Two abdominal illustrations, the left one is an inflamed stomach and the right one is a bulged and inflamed stomach colored in red.

Gas and Bloating with IBD

Reviewed by: HU Medical Review Board | Last Reviewed: November 2022 | Last updated: January 2023

Inflammatory bowel disease (IBD) refers to several conditions that cause inflammation in the digestive tract. The two most common are Crohn's disease and ulcerative colitis.

IBD can cause symptoms such as:1,2

Other common symptoms are gas and bloating. Gas and bloating can be uncomfortable, but there are ways to manage them.1,2

What causes gas and bloating?

It is normal to have some gas in your intestines, or gut. Some of it comes from air you swallow while eating. The bacteria in your gut also make gas when they break down food. Your body produces several liters of gas every day as you digest food.2

People with IBD may produce more gas overall than other people, which can contribute to uncomfortable gas and bloating. Also, those with IBD are more likely to have other conditions that cause gas. These conditions include irritable bowel syndrome (IBS) and lactose intolerance.2,3

Gas is normally passed through your body as wind. But if it cannot pass, trapped air causes bloating. Constipation is one reason gas sometimes cannot pass through the gut.2,3

What foods can cause gas and bloating with IBD?

Experts still do not know exactly what causes IBD. But they believe the foods you eat may play an important role, along with other factors like genetics. Your diet affects the mix of bacteria in your gut, and these bacteria have an important role in digestion.3

Research suggests that certain foods may harm your gut bacteria and cause inflammation. This inflammation may be related to IBD.3

Some foods are harder to break down in the gut. This can cause them to produce extra gas. So, avoiding these foods may reduce gas. Foods that may cause extra gas and bloating include:2,4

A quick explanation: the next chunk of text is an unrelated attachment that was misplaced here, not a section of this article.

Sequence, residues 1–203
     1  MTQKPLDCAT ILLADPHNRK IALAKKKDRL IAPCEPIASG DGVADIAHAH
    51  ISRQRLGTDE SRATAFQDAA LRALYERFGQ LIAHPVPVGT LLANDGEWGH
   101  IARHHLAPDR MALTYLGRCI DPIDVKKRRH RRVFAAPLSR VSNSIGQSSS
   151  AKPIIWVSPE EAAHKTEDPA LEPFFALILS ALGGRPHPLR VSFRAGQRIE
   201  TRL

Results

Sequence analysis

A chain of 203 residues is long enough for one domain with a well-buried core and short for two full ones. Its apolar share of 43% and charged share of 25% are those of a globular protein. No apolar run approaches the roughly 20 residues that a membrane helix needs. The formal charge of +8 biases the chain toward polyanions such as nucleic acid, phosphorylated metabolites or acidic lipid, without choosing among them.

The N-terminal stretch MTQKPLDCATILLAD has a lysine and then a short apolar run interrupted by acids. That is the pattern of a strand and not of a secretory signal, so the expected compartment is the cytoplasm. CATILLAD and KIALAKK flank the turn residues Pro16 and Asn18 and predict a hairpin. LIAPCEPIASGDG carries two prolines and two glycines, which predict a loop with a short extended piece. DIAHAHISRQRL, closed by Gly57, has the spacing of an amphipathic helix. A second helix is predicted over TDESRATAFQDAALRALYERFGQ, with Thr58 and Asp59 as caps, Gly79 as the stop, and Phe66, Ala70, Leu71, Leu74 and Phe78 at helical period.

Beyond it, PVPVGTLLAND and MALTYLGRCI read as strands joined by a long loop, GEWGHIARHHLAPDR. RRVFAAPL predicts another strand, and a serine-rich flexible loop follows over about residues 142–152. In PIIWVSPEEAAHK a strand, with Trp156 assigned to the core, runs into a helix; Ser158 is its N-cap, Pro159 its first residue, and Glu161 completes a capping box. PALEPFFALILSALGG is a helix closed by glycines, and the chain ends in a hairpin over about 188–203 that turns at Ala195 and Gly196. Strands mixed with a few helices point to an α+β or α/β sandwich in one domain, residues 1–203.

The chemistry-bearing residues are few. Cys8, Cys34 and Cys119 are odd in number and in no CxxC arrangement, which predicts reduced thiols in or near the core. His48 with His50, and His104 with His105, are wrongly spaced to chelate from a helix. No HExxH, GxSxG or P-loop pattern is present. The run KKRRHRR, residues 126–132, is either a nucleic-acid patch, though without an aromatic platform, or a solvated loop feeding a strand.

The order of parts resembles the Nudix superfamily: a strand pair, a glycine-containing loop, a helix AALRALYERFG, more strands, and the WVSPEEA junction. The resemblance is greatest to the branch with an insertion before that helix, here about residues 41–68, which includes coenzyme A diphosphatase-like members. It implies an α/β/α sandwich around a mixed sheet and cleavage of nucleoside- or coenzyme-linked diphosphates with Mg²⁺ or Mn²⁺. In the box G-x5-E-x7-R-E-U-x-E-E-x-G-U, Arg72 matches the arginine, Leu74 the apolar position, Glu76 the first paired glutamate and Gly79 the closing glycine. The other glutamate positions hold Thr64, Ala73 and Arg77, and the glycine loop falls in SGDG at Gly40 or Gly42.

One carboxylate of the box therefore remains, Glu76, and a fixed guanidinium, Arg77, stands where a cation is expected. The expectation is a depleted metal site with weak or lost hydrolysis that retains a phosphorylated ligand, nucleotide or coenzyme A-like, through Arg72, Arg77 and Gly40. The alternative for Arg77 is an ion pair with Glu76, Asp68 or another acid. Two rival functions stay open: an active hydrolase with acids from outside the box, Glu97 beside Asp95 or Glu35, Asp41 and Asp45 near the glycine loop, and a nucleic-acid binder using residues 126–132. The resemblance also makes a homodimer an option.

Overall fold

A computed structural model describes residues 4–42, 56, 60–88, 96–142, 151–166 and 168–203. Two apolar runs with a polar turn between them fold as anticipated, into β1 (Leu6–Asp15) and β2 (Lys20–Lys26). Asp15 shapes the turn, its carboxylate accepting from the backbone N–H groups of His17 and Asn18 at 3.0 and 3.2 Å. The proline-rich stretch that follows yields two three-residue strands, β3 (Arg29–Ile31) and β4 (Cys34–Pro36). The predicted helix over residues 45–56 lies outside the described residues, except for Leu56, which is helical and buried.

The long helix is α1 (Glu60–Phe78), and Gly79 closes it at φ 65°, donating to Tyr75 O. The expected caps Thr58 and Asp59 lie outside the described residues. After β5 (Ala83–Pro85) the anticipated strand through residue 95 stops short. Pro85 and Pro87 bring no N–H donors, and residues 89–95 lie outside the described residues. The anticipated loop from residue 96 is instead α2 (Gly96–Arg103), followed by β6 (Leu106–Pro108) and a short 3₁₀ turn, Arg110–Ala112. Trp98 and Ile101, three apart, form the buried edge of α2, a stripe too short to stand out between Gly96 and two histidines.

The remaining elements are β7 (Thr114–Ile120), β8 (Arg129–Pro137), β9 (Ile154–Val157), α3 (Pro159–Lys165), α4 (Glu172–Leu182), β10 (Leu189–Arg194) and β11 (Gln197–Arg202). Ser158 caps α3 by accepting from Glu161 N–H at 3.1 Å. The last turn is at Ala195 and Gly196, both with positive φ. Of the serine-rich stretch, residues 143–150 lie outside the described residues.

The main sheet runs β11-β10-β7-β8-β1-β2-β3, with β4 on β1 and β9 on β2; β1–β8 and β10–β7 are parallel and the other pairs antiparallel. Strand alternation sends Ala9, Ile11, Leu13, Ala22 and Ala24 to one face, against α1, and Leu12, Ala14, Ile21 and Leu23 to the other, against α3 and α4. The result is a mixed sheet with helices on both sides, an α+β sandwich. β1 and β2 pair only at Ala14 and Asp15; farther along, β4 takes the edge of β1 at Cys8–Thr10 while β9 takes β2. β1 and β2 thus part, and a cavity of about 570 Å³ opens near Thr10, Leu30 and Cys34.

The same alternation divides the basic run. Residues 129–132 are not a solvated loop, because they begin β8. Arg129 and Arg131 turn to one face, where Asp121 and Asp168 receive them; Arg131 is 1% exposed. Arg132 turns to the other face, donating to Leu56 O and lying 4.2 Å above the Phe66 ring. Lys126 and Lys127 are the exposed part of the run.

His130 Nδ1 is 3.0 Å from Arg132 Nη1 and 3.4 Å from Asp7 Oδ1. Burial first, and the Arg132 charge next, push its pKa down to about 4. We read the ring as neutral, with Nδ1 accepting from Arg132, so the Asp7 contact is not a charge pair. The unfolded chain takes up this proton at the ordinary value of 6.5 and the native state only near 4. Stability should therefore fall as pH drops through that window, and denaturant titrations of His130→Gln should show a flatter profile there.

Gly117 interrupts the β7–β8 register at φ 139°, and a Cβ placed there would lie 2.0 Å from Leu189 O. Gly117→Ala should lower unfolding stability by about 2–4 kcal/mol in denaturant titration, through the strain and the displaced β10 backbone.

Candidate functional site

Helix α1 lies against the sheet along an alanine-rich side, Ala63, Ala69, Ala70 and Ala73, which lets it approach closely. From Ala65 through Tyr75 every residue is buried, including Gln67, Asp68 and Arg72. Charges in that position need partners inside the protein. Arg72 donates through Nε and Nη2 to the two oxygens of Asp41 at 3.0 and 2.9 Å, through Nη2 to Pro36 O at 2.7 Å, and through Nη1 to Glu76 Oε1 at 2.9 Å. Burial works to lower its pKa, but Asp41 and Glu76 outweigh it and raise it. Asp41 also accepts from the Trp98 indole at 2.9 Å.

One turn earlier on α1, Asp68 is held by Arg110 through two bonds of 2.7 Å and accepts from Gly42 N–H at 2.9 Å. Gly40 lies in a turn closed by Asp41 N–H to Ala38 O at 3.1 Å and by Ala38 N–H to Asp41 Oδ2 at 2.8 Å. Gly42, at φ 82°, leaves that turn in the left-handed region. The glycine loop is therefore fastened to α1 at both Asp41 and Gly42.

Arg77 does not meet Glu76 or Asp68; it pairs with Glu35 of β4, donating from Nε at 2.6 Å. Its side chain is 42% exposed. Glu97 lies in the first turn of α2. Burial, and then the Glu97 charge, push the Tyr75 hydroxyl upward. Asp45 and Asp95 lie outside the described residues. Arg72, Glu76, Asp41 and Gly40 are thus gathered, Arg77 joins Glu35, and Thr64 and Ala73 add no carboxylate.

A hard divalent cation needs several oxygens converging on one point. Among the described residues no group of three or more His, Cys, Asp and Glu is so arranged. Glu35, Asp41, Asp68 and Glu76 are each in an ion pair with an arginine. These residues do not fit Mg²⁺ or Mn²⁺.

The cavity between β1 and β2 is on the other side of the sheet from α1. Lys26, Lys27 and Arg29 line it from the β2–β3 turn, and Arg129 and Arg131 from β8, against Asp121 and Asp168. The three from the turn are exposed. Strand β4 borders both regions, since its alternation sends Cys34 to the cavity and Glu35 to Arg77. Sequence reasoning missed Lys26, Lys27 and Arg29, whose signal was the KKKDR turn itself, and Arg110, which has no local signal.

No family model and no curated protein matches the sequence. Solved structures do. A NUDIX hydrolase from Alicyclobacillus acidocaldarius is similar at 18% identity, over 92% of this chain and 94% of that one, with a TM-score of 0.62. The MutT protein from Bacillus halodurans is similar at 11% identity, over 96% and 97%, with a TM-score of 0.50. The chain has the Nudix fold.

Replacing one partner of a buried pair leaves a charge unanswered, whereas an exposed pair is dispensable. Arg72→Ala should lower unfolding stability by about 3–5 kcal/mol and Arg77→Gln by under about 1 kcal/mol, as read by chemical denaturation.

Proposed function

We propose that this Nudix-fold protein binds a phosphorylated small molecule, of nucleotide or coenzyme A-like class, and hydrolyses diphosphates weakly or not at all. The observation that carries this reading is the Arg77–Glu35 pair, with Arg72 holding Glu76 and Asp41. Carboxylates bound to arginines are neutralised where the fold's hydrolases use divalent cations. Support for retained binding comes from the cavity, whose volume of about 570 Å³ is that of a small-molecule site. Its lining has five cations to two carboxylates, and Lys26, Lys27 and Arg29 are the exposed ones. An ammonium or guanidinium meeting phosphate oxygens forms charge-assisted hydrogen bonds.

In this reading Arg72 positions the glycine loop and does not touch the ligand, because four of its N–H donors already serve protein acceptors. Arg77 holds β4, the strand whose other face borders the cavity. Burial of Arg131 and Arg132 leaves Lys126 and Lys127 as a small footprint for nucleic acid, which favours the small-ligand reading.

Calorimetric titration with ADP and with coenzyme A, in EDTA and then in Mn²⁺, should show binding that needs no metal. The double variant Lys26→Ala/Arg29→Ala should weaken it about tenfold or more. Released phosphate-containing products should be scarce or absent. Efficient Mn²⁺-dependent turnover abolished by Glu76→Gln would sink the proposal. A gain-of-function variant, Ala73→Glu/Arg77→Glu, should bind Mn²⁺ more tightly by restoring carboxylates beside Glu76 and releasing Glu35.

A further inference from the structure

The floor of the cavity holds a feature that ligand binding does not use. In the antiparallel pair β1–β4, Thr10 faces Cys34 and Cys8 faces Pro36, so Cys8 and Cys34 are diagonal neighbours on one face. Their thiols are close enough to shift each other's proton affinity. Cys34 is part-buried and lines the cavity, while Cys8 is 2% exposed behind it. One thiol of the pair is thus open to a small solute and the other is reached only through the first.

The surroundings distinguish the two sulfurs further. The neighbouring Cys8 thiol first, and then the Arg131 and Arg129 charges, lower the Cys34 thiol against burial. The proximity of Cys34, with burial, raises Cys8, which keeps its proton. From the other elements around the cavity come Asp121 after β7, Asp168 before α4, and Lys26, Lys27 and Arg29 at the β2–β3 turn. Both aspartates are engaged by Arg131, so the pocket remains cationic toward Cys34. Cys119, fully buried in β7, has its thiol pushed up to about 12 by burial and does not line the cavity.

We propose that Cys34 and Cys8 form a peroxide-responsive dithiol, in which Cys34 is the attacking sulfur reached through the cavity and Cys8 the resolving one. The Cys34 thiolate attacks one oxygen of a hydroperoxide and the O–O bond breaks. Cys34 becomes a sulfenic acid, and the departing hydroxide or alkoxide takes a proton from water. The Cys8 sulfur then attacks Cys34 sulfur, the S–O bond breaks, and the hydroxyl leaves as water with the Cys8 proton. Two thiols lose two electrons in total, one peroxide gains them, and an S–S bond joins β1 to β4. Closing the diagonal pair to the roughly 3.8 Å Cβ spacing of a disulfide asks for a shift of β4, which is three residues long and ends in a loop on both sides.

• Fatty foods
  • Sugary foods
  • Foods with the artificial sweetener sorbitol
  • High-fiber foods
  • Spicy foods
  • Raw vegetables
  • Complex carbohydrates like beans or cabbage
  • Changing your diet to reduce gas and bloating

More research is needed to understand exactly how diet affects IBD. Existing research has not led to diet recommendations that work for everyone. The best option is to work with a gastroenterologist and dietitian to help determine the best diet for you.2,4

Your doctor may recommend that you try an exclusion diet. An exclusion diet starts with eating only foods that do not trigger IBD symptoms. As time goes on, you can introduce new foods. If any new food triggers symptoms, it will be removed from the diet. This way, you can learn what your unique trigger foods are.2,4

Other ways to manage gas and bloating

As described above, changing your diet can change how much gas your gut bacteria produce. You can also try to limit how much air you take in when eating or drinking.2

For example, eating large bites quickly can cause you to swallow excess air. Try to take small bites and chew your food well with your mouth closed. Avoid drinking carbonated waters or soda, which can cause bloating. Any air bubbles that are not belched up will move down into your gut.2

Other actions that may reduce gas include:2

  • Drinking 6 to 8 glasses of water per day with small sips (do not gulp)
  • Avoiding caffeinated drinks like coffee or energy drinks
  • Avoiding alcohol
  • Wearing loose-fitting clothes
  • Taking short walks to help digestion

If you are having painful bloating, you can try a belly massage to help the air pass through your gut. Try massaging your stomach from right to left with firm but gentle pressure.2

It may take time to figure out what helps your gas and bloating. But with time, it is possible to manage these symptoms.2

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